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San Francisco Task Force to Charge Fentanyl ODs as Homicides, Peru Healer Stabbed, More... (10/30/23)

Submitted by Phillip Smith on (Issue #1197)
Consequences of Prohibition

A Kansas poll has two-thirds support for marijuana legalization, a bipartisan group of lawmakers calls on DEA to deschedule marijuana, and more.

Ancestral healer Don Pedro Sinuiri Barta (Xanen Weni in his native Shipibo) remains under medical attention. (
Marijuana Policy

31 Bipartisan House Lawmakers Push DEA To Consider 'Merits' of Marijuana Legalization as It Completes Scheduling Review. A coalition of 31 bipartisan House lawmakers has sent a letter to the head of the Drug Enforcement Administration (DEA), urging the agency to take into account congressional and state marijuana legalization efforts as it carries out a review into cannabis scheduling. They also criticized the limitations of simple rescheduling as they push for complete a complete removal of marijuana from the Controlled Substances Act (CSA).

The letter last Friday to DEA Administrator Anne Milgram, with lead signatures from Congressional Cannabis Caucus co-chairs Rep. Earl Blumenauer (D-OR), Dave Joyce (D-OR), Barbara Lee (D-CA) and Brian Mast (R-FL) says that the review represents a "necessary step in the work to end the federal government's failed and discriminatory prohibition of cannabis." As DEA completes its review, the lawmakers said that the law enforcement agency should consider that Congress has been working to comprehensive reform federal cannabis laws.

The letter says that "the administration and relevant agencies such as yours should recognize the merits of full descheduling and work with congressional leaders to ensure this happens," adding that prohibition "does not reflect the will of the broader American electorate" and "it is time that [DEA's] work fully reflects this reality as well."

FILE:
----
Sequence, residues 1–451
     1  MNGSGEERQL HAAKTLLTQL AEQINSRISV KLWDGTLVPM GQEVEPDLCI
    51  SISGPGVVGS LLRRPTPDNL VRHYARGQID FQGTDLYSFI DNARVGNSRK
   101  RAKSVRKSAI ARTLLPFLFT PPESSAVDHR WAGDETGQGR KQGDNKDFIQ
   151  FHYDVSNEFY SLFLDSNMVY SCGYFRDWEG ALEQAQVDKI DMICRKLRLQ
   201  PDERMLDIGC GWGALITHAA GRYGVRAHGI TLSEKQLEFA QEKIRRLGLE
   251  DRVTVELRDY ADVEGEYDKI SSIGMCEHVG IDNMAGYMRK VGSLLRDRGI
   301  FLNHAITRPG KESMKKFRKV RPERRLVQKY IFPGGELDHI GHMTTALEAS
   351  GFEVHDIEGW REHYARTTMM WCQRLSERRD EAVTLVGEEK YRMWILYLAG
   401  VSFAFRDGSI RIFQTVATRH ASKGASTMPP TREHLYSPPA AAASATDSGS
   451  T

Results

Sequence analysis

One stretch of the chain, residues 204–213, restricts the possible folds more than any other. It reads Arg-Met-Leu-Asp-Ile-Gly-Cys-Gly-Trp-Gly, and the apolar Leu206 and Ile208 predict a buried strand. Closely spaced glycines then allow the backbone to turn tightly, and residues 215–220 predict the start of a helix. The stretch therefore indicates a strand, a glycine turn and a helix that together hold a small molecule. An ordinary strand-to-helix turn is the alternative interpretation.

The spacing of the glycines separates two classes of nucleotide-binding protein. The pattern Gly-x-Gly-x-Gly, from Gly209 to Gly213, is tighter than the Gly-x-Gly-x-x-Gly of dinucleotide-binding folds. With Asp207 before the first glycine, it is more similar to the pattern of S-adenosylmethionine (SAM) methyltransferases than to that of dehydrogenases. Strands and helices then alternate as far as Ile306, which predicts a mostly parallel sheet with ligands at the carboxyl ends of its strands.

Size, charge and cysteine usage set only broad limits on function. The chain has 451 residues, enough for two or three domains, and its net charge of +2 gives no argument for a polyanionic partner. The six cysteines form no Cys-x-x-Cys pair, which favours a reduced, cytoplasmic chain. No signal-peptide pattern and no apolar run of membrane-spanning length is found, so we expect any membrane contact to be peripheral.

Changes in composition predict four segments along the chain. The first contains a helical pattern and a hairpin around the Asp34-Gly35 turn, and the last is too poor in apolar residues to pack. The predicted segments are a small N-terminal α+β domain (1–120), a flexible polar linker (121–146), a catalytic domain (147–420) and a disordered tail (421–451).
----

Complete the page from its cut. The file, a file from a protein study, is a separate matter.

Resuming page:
Other signatories of the letter Reps. Jack Bergman (R-MI), Bonnie Watson Coleman (D-NJ), Lou Correa (D-CA), Pramila Jayapal (D-WA), James McGovern (D-MA), Jerrold Nadler (D-NY), Eleanor Holmes Norton (D-DC), Dean Phillips (D-MN), Katie Porter (D-CA), David Trone (D-MD) and others.

Kansas Poll Has Two-Thirds Support for Marijuana Legalization. A new poll from Fort Hays State University has support for marijuana legalization in the state at 67%, even as Republican legislators continued to block any progress toward that goal or even toward allowing medical marijuana. Kansas does not have a citizens' initiative process that would allow the public to get around recalcitrant lawmakers.

Republican Sen. Rob Olson, who held Statehouse committee hearings for a medical marijuana bill last year, said Senate President Ty Masterson and Senate Majority Leader Larry Alley -- both Republicans -- don't want a bill to pass. "The majority of the state (does) want medical marijuana," Olson said, "and I don't see a reason why we don't pass a bill."

"We get support from quite a few legislators," said Cheryl Kumberg, President of the Kansas Cannabis Coalition Kumberg, "but the ones that are in power are not supportive for various reasons, and they don't let it go forward."

Drug Policy

California Governor Announces San Francisco Task Force Will Treat Overdoses as Homicides; Advocates Decry Move. Gov. Gavin Newsom (D) announced last Friday a joint law enforcement task force that will treat overdoses as homicide in the city, fulfilling a law enforcement promise made by San Francisco District Attorney Brooke Jenkins back in October 2022.

"Making sure that these dealers are admonished, that should they be connected to selling fentanyl to someone who overdoses, that they could be charged with murder because we have to hold these people accountable," Jenkins said in an October 2022 debate. "The objective is to make sure that we are looking into who is selling fentanyl to the individuals who are dying of overdoses on our streets every day that may allow my office to pursue murder charges against those sellers," said Jenkins.

"These people who are dealing these drugs need to be held accountable in a way they have not been before," said San Francisco Mayor London Breed. "The objective is to make sure that we are looking into who is selling fentanyl to the individuals who are dying of overdoses on our streets every day that may allow my office to pursue murder charges against those sellers," said Jenkins.